In Gletsch, I stopped off at the DFB (Dampfbahn Furka Bergstrecke) train station where a raft of books and post cards about the days before electrification and the restoration of steam operation on this line is available. They have a snack bar from which all proceeds go to the DFB. I got filled in on the latest developments and hope some day to take a steam train from Realp to Gletsch or even farther to Oberwald.
I headed up the Furka (2431m) where the sun seems to shine more often than not, and stopped to take the obligatory picture in front of the Rhone Glacier. As often is the case, the afternoon chilled fog was already pouring over the Grimsel and down the wall onto Gletsch, there where I had just ridden in clear air. As I approached the summit the clouds got thicker and began leaking a bit but quit as I began down the hill. It was relatively warm for the late afternoon making it a pleasant descent to Realp (1538m) with a good view of the upper Reuss valley and the Oberalp pass above Andermatt at the far end of the valley. In Realp I dropped in on the DFB roundhouse where newly rebuilt locomotives DFB#1 Furkahorn and DFB#2 Grimselhorn (two of the original locomotives #1 and #2 of the Furka RR that were recovered from Vietnam) along with DFB#7 Weisshorn were being shut down after a day on the hill.
With a rare tailwind, I cruised to Hospental (1452m) and the Hotel Sternen, an old and comfortable inn. I parked my bike downstairs, showered and changed into "formal" dinner wear for a tall Eichhof (58cl) beer and hearty fare at the Hotel Gotthard down the street with everything you can want to eat after a day on the bike. Outside, the weather gods seemed to be taking flash photos while watering down the granite paved streets with monster drops.
At Ilanz (699m), I borrowed a wrench to tighten my head bearings that I had just installed for the trip. It's about time someone made a head bearing that fits fork crowns more easily and doesn't creep into position. I ate a hearty grocery store lunch with a 1/2 liter fruit yogurt and fresh bread with mortadella and cheese and a couple of apples. From here the main road goes up over the chalks where the Rhine cuts through sheer white cliffs. The climb is gratuitously high at 382m up to Flims (1081m), so I stayed on the south side on the small and untraveled and mostly paved road, climbing only 209m to Vesam (908m) and rolling down to Bonaduz (655m) with appreciably better scenery.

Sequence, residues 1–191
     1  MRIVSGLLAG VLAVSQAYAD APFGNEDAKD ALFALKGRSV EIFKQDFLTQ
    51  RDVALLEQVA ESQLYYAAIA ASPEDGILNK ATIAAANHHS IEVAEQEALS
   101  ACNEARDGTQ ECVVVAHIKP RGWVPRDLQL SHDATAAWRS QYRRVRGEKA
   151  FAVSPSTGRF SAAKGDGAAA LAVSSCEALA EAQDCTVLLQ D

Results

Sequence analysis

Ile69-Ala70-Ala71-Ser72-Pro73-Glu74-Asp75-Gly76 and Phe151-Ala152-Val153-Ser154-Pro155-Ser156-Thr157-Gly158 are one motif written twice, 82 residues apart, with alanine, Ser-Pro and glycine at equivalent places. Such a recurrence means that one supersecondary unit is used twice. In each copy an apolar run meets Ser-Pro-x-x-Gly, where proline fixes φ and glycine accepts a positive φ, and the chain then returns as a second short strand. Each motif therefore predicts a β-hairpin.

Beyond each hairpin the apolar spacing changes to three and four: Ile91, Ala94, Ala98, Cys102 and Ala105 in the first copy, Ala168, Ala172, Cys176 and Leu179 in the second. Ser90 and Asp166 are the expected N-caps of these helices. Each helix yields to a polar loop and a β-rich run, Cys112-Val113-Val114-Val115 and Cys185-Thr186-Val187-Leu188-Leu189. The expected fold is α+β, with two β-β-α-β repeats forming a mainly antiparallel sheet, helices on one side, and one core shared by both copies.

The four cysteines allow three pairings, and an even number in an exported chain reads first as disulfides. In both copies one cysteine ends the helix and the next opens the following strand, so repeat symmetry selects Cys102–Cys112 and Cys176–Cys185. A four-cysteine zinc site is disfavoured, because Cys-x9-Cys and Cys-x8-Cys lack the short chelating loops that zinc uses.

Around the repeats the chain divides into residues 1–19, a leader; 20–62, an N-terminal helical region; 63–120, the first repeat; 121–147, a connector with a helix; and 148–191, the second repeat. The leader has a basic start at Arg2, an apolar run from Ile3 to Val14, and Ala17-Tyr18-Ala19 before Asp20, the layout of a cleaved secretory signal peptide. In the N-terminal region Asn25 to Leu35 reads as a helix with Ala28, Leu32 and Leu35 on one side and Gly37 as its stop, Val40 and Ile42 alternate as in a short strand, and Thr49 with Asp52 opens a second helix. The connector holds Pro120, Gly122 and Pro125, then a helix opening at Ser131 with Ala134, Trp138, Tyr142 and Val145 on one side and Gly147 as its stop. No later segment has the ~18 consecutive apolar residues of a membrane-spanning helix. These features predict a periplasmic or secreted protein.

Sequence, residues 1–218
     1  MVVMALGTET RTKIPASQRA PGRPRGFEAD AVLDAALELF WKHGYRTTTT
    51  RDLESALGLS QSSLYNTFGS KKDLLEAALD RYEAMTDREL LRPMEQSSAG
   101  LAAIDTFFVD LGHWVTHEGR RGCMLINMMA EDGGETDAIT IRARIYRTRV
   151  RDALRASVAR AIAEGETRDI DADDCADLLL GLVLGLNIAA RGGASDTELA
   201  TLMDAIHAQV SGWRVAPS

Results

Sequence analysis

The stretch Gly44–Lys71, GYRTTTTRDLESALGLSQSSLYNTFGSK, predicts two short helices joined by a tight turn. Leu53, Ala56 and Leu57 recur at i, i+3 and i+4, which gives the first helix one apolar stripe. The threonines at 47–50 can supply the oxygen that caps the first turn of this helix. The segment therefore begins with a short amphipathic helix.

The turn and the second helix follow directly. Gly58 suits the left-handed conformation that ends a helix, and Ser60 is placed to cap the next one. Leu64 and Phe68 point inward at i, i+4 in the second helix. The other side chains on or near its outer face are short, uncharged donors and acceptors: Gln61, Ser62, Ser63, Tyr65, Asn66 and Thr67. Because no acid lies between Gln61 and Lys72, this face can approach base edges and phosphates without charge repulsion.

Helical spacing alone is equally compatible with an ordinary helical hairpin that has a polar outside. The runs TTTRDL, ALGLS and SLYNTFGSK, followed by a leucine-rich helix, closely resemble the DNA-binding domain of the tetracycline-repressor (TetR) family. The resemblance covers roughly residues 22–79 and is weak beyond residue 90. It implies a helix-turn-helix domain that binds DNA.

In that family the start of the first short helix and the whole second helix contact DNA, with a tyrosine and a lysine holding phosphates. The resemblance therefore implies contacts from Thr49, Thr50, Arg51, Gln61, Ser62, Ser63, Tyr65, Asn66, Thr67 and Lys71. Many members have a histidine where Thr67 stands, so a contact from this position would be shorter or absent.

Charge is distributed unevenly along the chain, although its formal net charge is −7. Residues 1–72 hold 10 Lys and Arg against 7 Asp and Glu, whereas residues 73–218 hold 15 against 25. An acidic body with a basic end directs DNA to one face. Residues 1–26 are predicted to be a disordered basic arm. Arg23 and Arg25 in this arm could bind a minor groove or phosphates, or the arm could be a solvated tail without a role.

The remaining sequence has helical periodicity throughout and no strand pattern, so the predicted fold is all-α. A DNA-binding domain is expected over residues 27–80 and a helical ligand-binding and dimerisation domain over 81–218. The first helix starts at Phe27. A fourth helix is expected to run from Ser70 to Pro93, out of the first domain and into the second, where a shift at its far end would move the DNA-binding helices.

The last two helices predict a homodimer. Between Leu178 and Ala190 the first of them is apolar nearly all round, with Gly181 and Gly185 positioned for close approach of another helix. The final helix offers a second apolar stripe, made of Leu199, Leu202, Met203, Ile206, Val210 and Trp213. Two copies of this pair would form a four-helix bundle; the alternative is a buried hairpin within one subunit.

At Bonaduz I turned south to Thusis and Tiefencastel along the Hinterrhein. This was once an unbelievably remote area where a one- lane dirt road with long hillside tunnels weaved its way up the canyon to Davos, and where freeways and wide highways carry vacationers over the Alps today. I am glad that I was able to ride these roads before progress intruded. At Tiefencastel I turned up the Julier pass (2284m) that starts up out of town with a jolt of 13% but gets civilized after a few km's. I hadn't been on this road for 33 years and was pleasantly surprised by its scenic beauty. The last time I rode it was in the other direction, Easter 1961 in the snow. Mixed clouds made for comfortable riding with light traffic.
As I descended into Silvaplana (1816m) I could see that the sunshine running out and a wall of clouds pushing east over the rim of the Maloja pass. While I rode into a brisk wind along the lake, sailboarders darted across the chop on the lake. The road was sheltered near the hillside along the lake but as it reached the Silsersee the wind came from straight ahead. Mentally I was already descending the Maloja so I didn't notice it so much. The water and mountains had an animated character in the fleeting sunshine under the dark sky. As I "crested" the Maloja pass (1815m), with its flat approach from St Moritz, I dived into the clouds but found dry pavement down to Vicosoprano where it had just stopped raining. I got to the Bregalia, the old grand hotel, getting only my feet wet before the sky let go. That was great timing and the dinner with some Swedes, who were on a climbing holiday, was first class.
From Lugano I headed off to Ponte Tresa and over the hills to Laveno on the Lago Maggiore (193m) riding through the back hills on smaller roads. I had a map from the 1950's that showed a railroad on this route but all I could find were the train stations that seemed unchanged except that there was no sign of a roadbed. The partly cloudy weather gave the landscape unusual contrast and spared me the muggy air common at this time of year. At Laveno I got on the ferry, that seems to run so often that I have never had to wait more than a few minutes, and crossed to Verbania. I rode to Gravellona, up the valley of the Toce that leads to Domodossola and the Simplon pass, and turned south to Omegna (298m). This former big steel town is now a pleasant vacation spot on the end of the Lago d'Orta and whose economy I don't understand.
The Lago d'Orta, as most of these lakes at the southern edge of the Alps, is drinking clean and has beautiful shores, some of which are not cut off by vacation villas of regal proportions, although these also exist. A rustic castle occupies a small island with chestnut forested hills rising on all sides of the lake. I rode to the south end of the lake and headed west after climbing a small ridge. The road rises to Pogno and then winds slowly up to a divide with a tunnel at 598m before descending to Borgosesia (359m). I said hello to the innkeeper who formerly also had rooms but I neither wanted to stay in the hotel in town nor stop so early so I headed off to Croce di Mosso where I thought I could find lodgings. One innkeeper after another explained that they were booked up with people who had come to enjoy the football game (Spain-Italy I think) so I went on to the next until I found a place in Biella. I joined the crowd and watched football instead of bicycling.
I took some pictures, rode on down to Mosso Santa Maria for a store where I could get some lunch and returned over the bridge to ride on some obscure Piemontese roads behind Biella and on to Ivrea. I found my way to Brian's house in Perosa Canavese were I cooled my heels for a needed rest. I seemed to be burdened with after-effects to anti venom serum that was still coursing in my veins from a recent bout with a rattle snake bite. It was hot and the snooze felt good.